Validation in Statistics and Machine Learning - Abstract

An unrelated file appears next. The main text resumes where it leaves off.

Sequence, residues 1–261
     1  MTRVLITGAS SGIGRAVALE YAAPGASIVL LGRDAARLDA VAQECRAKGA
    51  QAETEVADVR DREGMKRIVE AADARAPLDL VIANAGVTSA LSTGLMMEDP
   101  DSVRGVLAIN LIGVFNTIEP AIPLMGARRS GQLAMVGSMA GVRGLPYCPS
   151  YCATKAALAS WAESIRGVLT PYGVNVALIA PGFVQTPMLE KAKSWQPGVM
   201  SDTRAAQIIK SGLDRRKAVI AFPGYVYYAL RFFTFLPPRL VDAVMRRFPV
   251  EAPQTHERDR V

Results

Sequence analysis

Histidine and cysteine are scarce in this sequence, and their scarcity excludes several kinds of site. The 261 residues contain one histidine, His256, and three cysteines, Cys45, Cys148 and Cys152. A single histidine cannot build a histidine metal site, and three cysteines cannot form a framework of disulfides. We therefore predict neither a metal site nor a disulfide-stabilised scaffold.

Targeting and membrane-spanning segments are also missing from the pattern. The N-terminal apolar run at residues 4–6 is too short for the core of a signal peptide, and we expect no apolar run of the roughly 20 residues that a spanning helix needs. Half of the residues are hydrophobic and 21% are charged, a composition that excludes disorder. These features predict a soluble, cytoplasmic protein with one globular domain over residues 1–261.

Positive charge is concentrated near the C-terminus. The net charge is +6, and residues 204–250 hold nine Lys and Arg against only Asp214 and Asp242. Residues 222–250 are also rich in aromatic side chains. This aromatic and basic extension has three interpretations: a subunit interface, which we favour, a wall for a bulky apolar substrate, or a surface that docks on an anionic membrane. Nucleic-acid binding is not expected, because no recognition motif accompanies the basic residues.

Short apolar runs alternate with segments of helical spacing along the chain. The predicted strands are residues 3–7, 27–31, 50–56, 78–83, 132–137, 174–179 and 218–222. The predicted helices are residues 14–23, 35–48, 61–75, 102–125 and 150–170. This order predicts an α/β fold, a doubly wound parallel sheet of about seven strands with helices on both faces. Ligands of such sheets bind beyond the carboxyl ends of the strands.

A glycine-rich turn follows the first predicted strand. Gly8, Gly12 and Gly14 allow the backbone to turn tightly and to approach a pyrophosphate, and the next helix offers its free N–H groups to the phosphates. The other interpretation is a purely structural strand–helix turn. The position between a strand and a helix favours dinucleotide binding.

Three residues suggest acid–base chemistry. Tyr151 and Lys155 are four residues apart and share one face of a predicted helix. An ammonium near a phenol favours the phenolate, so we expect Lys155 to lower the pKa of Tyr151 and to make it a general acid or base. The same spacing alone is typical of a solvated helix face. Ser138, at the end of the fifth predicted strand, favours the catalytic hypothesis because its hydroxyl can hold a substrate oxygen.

Benchmark experiments draw B independent and identically distributed learning samples from a data generating process to estimate the (empirical) performance distribution of candidate algorithms. Formal inference procedures are used to compare these performance distributions and to investigate hypotheses of interests. In most benchmark experiments B is a "freely chosen" number, often specified depending on the algorithms' runtime to setup experiments which finish in reasonable time. In this presentation we discuss how to control B and remove its ärbitrary" aftertaste. General sequential designs enable, amongst other things, to control the sample size, i.e., B. A benchmark experiment can be seen as a sequential experiment as each run, i.e., drawing a learning sample and estimating the candidates' performances, is done one by one. Currently, no benefit is taken from this sequential procedure: The experiment is considered as a fixed-sample experiment with B observations and the hypothesis of interest is tested using a test T at the end of all B runs. We propose to take the sequential nature of benchmark experiments into account and to execute a test T successively on the accumulating data. In a first step, this enables to monitor the benchmark experiment -- to observe p-value and test statistic of the test during the execution of the benchmark experiment. In a second step, this information can be used to make a decision -- to stop or to go on with the benchmark experiment. We present methods, group sequential and adaptive, and discuss the advantage obtained by sequential benchmark experiments.